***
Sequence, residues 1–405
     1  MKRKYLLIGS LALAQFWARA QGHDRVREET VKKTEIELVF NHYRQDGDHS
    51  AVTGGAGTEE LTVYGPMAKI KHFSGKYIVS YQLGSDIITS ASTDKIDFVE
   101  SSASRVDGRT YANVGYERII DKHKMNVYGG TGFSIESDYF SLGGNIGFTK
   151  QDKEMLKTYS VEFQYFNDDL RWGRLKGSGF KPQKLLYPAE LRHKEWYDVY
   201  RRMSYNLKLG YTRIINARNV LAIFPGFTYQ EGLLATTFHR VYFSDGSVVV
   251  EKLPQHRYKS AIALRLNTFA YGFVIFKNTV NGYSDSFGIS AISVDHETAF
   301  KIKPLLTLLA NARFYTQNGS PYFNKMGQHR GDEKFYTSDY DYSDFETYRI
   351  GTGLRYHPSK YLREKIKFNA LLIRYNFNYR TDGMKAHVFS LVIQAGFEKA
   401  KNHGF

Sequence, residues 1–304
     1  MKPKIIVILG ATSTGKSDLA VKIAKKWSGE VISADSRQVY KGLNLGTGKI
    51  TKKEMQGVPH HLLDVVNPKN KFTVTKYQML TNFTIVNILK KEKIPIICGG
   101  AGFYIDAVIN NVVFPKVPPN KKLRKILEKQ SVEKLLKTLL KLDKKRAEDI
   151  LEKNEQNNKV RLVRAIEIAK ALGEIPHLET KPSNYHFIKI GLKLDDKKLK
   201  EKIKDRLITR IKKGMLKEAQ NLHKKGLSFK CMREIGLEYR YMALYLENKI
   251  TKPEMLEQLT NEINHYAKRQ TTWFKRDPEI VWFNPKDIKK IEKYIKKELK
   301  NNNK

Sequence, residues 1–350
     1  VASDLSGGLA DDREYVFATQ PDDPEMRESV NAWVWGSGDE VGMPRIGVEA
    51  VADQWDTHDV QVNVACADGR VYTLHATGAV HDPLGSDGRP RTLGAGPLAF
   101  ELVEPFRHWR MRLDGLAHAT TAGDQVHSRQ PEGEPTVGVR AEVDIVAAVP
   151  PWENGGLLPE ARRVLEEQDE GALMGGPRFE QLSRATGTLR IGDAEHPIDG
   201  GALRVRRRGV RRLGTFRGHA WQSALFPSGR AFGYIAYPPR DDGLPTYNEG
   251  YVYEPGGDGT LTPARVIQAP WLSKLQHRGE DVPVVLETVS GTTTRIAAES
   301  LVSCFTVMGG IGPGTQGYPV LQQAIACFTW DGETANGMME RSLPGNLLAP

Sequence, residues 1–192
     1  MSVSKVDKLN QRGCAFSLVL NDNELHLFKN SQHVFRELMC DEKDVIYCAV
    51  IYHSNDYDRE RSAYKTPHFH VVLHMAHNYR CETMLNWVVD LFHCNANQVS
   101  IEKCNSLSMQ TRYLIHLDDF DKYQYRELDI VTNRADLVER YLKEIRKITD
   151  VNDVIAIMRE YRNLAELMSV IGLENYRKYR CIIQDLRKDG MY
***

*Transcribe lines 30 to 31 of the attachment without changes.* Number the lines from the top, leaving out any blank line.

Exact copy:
   101  IEKCNSLSMQ TRYLIHLDDF DKYQYRELDI VTNRADLVER YLKEIRKITD
   151  VNDVIAIMRE YRNLAELMSV IGLENYRKYR CIIQDLRKDG MY